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dc.contributor.authorHolland, Justin J
dc.contributor.authorSkinner, Tina L
dc.contributor.authorIrwin, Christopher G
dc.contributor.authorLeveritt, Michael D
dc.contributor.authorGoulet, Eric DB
dc.date.accessioned2017-08-28T02:01:23Z
dc.date.available2017-08-28T02:01:23Z
dc.date.issued2017
dc.identifier.issn0112-1642
dc.identifier.doi10.1007/s40279-017-0739-6
dc.identifier.urihttp://hdl.handle.net/10072/344402
dc.description.abstractBackground Fluid replacement during cycling exercise evolves on a spectrum from simply drinking to thirst to planned structured intake, with both being appropriate recommendations. However, with mixed findings suggesting fluid intake may or may not improve endurance cycling performance (ECP) in a diverse range of trained individuals, there is a clear need for summarised evidence regarding the effect of fluid consumption on ECP. Objectives (1) Determine the magnitude of the effect of drinking fluid on performance during cycling exercise tasks of various durations, compared with no drinking; (2) examine the relationship between rates of fluid intake and ECP; and (3) establish fluid intake recommendations based on the observations between rates of fluid intake and ECP. Study Design Meta-analysis. Methods Studies were located via database searches and cross-referencing. Performance outcomes were converted to a similar metric to represent percentage change in power output. Fixed- and random-effects weighted mean effect summaries and meta-regression analyses were used to identify the impact of drinking fluid on ECP. Results A limited number of research manuscripts (n = 9) met the inclusion criteria, producing 15 effect estimates. Meta-regression analyses demonstrated that the impact of drinking on ECP under 20–33 °C ambient temperatures was duration-dependent. Fluid consumption of, on average, 0.29 mL/kg body mass/min impaired 1 h high-intensity (80% peak oxygen uptake [ V˙V˙ o2peak]) ECP by −2.5 ± 0.8% (95% confidence interval [CI] −4.1 to −0.9%) compared with no fluid ingestion. In contrast, during >1 to ≤2 h and >2 h moderate-intensity (60–70% V˙V˙ o2peak) cycling exercise, ECP improved by 2.1 ± 1.5% (95% CI 1.2–2.9%) and 3.2 ± 1.2% (95% CI 0.8–5.6%), respectively, with fluid ingestion compared with no fluid intake. The associated performance benefits were observed when the rates of fluid intake were in the range of 0.15–0.20 mL/kg body mass/min for >1 to ≤2 h cycling exercise and ad libitum or 0.14–0.27 mL/kg body mass/min for cycling exercise >2 h. Conclusions A rate of fluid consumption of between 0.15 and 0.34 mL/kg body mass/min during high-intensity 1 h cycling exercise is associated with reductions in ECP. When cycling at moderate intensity for >1 to ≤2 h, cyclists should expect a gain in performance of at least 2% if fluid is consumed at a rate of 0.15–0.20 mL/kg body mass/min. For cycling exercise >2 h conducted at moderate intensity, consuming fluid ad libitum or at a rate of 0.14–0.27 mL/kg body mass/min should improve performance by at least 3%. Until further research is conducted, these recommendations should be used as a guide to inform hydration practices.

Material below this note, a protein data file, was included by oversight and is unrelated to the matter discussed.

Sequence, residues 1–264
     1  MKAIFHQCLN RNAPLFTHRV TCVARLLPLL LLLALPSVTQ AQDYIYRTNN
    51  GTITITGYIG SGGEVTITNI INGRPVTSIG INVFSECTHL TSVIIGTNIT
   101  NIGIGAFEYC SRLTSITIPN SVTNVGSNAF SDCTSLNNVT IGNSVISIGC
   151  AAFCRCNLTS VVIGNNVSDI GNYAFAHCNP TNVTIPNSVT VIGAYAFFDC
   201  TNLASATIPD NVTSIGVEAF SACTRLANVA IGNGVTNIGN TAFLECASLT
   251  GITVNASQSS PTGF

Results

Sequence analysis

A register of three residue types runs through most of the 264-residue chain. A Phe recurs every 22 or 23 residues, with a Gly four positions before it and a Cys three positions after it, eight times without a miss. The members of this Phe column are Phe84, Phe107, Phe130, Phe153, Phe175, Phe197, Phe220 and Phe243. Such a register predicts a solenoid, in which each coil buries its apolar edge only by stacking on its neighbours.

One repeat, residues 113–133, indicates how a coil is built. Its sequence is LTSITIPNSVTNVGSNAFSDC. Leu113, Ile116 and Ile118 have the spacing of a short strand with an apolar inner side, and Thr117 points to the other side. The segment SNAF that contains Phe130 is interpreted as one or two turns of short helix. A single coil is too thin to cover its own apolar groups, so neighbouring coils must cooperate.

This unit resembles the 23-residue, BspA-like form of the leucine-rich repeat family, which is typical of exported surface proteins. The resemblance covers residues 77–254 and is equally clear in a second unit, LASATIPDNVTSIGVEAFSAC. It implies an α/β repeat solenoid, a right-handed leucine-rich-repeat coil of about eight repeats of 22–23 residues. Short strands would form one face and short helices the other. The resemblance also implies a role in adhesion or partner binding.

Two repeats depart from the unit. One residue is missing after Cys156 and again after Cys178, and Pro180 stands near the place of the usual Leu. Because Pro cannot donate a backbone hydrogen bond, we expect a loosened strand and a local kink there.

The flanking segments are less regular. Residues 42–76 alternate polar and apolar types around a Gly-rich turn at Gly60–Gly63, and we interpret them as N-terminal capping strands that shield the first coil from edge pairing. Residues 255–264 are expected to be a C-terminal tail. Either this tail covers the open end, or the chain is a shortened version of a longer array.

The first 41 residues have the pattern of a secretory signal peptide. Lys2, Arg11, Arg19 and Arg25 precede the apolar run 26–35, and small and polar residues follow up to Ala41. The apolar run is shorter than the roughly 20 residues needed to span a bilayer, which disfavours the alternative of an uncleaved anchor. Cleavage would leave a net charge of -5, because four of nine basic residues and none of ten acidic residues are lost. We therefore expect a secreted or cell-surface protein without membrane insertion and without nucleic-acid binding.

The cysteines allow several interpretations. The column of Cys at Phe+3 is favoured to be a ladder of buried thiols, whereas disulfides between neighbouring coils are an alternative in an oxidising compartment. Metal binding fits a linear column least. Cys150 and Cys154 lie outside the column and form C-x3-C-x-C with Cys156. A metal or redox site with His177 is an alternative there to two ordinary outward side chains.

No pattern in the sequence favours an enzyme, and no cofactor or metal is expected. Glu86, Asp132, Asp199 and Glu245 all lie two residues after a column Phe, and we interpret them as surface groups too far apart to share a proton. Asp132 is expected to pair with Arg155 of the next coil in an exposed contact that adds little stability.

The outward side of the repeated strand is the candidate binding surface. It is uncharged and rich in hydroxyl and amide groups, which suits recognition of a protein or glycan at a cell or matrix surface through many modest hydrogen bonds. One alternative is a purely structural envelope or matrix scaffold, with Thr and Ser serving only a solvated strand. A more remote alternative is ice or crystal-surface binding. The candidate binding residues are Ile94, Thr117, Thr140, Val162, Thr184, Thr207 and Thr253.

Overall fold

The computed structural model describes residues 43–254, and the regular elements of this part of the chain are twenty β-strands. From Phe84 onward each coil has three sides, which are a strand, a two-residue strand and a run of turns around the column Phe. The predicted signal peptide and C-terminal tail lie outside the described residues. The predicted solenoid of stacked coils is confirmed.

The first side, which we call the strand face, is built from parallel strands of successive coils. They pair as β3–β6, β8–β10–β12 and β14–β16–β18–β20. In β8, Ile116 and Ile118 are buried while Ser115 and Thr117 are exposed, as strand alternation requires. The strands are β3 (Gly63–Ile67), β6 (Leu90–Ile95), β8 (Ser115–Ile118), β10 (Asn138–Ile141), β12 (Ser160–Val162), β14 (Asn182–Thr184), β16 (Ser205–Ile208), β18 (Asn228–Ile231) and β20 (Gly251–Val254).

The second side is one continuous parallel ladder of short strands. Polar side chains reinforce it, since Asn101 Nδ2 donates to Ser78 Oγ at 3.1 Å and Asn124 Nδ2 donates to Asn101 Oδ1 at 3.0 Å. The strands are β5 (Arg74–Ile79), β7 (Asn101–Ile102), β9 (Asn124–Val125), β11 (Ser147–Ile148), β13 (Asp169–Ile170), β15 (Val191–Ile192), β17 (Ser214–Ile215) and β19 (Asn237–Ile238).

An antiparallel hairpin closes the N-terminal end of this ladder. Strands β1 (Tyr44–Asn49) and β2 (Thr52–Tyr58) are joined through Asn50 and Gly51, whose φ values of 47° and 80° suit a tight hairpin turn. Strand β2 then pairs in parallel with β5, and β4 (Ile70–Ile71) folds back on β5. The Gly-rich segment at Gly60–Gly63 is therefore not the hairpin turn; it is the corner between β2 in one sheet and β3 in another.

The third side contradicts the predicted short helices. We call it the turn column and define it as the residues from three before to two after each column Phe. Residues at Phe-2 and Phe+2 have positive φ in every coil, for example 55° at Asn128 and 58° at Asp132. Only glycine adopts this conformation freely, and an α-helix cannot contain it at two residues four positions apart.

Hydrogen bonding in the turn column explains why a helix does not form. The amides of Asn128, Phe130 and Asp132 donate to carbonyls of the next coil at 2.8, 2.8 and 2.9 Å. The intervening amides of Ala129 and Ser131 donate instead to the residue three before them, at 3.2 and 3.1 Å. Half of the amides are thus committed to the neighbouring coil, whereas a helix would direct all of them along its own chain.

dc.description.peerreviewedYes
dc.languageEnglish
dc.publisherAdis International
dc.relation.ispartofpagefrom1
dc.relation.ispartofpageto16
dc.relation.ispartofjournalSports Medicine
dc.subject.fieldofresearchHuman Movement and Sports Science not elsewhere classified
dc.subject.fieldofresearchMechanical Engineering
dc.subject.fieldofresearchHuman Movement and Sports Sciences
dc.subject.fieldofresearchCurriculum and Pedagogy
dc.subject.fieldofresearchcode110699
dc.subject.fieldofresearchcode0913
dc.subject.fieldofresearchcode1106
dc.subject.fieldofresearchcode1302
dc.titleThe Influence of Drinking Fluid on Endurance Cycling Performance: A Meta-Analysis
dc.typeJournal article
dc.type.descriptionC1 - Articles
dc.type.codeC - Journal Articles
dc.description.versionPost-print
gro.description.notepublicThis publication has been entered into Griffith Research Online as an Advanced Online Version.
gro.rights.copyright© 2017 Springer. This is an electronic version of an article published in Sports Medicine, 2017. Sports Medicine is available online at: http://link.springer.com/ with the open URL of your article.
gro.hasfulltextFull Text
gro.griffith.authorIrwin, Chris G.
gro.griffith.authorLeveritt, Michael


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